As with so many trumpeted “breakthroughs” in the advance of human knowledge, I reacted to the news of the identification of the Unknown Soldier with mixed feelings. Disinterred from the tomb and, through the miracle of DNA, delivered from the mystery of his unknownness, he became one particular family’s son–and by that biological unveiling, no longer the symbol of thousands of other servicemen lost in battle, lost to their mothers and fathers and wives. I’m sure his family must be relieved to have their uncertainty laid to rest, but I couldn’t help feeling that the specific had been won at the expense of a larger, more encompassing illusion–a shared mourning for all those other unidentified soldiers, dark and fair-skinned, blue-eyed and brown, brawny, thin, terrified, brave, every kind of person, every way of going.
Yes, I know such sentiments belong to a time in which war was not only accepted but romanticized. A majoritarian vision held sway, according to which we agreed to overlook certain particulars in the interest of a common ideal. It’s what drew a veil over Presidential peccadilloes. It’s what made movie stars of earlier decades so charismatic in the true sense of the word: They were unique, but they radiated outward, embracing whole categories or types and standing for something larger than themselves.
Since then, we’ve lost a communal willingness to accept ignorance, not to press for details, in order that certain figures might be invested with iconic status for the rest of us. The revisionist assumption is that if we’d had heroes and graphic images of the horrors they endured–of D-Day, for instance, arms and legs flying, blood and viscera flowing, as provided by Saving Private Ryan –we’d have been too demoralized to continue fighting. They say unfiltered knowledge will make us act morally. In fact, we still behave badly, only in a different way. All that violence and bloodshed, parading as boldness and honesty, just makes us more cynical, contaminated by the hypocrisy of our voyeurism.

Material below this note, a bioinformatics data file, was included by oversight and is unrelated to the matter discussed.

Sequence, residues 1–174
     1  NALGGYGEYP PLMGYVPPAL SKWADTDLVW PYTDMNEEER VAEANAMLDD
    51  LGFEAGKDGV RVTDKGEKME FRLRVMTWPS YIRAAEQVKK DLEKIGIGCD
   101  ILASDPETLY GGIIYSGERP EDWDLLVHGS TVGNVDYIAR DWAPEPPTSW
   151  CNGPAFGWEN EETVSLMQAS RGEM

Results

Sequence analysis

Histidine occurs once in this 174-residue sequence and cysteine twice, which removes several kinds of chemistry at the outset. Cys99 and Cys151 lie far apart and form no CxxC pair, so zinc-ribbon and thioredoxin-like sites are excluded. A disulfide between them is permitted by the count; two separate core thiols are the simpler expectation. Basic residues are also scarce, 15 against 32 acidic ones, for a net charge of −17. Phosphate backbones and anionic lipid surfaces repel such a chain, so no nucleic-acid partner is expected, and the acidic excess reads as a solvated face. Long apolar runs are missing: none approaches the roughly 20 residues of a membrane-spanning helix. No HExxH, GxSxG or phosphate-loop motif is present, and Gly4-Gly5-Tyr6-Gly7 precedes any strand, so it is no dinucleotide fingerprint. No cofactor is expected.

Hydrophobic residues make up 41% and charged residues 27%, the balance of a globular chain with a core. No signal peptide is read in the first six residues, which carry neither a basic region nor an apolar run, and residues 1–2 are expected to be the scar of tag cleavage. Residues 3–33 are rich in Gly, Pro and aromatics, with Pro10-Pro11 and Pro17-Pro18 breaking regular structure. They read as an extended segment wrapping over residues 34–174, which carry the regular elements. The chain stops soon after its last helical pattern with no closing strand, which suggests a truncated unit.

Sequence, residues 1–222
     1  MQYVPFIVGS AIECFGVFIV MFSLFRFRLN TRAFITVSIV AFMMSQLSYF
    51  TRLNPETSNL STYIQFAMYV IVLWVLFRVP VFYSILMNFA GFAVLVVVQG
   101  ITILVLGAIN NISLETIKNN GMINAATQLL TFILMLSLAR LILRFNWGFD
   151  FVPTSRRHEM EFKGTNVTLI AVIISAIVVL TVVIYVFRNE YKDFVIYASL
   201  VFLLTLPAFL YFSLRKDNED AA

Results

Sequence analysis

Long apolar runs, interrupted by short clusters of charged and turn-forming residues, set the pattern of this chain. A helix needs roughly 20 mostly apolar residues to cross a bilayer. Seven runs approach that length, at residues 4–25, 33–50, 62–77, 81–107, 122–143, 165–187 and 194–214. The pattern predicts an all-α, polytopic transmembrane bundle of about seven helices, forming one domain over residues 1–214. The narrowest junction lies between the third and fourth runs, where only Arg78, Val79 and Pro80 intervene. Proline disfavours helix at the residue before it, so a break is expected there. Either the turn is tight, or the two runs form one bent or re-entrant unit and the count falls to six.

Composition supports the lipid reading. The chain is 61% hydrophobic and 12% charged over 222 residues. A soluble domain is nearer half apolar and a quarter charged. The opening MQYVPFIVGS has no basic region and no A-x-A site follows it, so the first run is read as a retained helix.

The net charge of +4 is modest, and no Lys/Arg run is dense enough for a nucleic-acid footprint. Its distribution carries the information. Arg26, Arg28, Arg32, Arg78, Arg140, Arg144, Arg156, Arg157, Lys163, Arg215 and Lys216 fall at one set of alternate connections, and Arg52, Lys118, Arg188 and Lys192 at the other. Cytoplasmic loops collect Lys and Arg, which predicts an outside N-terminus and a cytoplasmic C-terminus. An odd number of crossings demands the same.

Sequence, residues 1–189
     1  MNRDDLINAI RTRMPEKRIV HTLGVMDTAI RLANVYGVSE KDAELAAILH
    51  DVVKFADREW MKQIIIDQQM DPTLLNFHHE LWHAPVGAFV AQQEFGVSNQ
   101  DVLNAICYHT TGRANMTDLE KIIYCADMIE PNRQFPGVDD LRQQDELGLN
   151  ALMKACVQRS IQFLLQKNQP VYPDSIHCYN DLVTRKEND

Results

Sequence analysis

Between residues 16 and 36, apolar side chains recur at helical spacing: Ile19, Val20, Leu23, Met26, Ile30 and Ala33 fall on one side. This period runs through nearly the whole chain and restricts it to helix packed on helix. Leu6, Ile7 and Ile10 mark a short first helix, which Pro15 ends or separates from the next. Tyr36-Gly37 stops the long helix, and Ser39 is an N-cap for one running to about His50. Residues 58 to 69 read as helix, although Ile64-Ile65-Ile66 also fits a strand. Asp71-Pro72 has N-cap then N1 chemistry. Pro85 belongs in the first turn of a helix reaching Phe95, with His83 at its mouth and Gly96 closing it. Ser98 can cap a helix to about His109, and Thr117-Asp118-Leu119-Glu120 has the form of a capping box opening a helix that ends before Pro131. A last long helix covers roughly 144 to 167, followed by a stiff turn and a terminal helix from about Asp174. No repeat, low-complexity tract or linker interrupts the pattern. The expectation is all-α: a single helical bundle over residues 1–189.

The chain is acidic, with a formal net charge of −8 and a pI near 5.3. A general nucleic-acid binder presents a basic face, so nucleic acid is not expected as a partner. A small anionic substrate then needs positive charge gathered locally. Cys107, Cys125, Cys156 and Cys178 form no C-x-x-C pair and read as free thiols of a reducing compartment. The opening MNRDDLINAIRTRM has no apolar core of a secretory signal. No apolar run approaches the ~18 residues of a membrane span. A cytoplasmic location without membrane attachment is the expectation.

This compulsive need to know seems to fit into some larger picture–the combination of a technology that allows us to see into corners previously hidden and a Zeitgeist uncomfortable with uncertainty. When other parts of our lives were stable, cohering around the absolutes of God, family and country, we could enjoy the thrills of suspense, but Hollywood’s mania for sequels testifies to the lure of the formulaic and familiar. The cautionary tales of the old science-fiction films–there are things man wasn’t meant to know–may ring truer than ever, but it’s a cry in the wilderness: We’re committed to the path of exposing every mystery, leaving no stone unturned.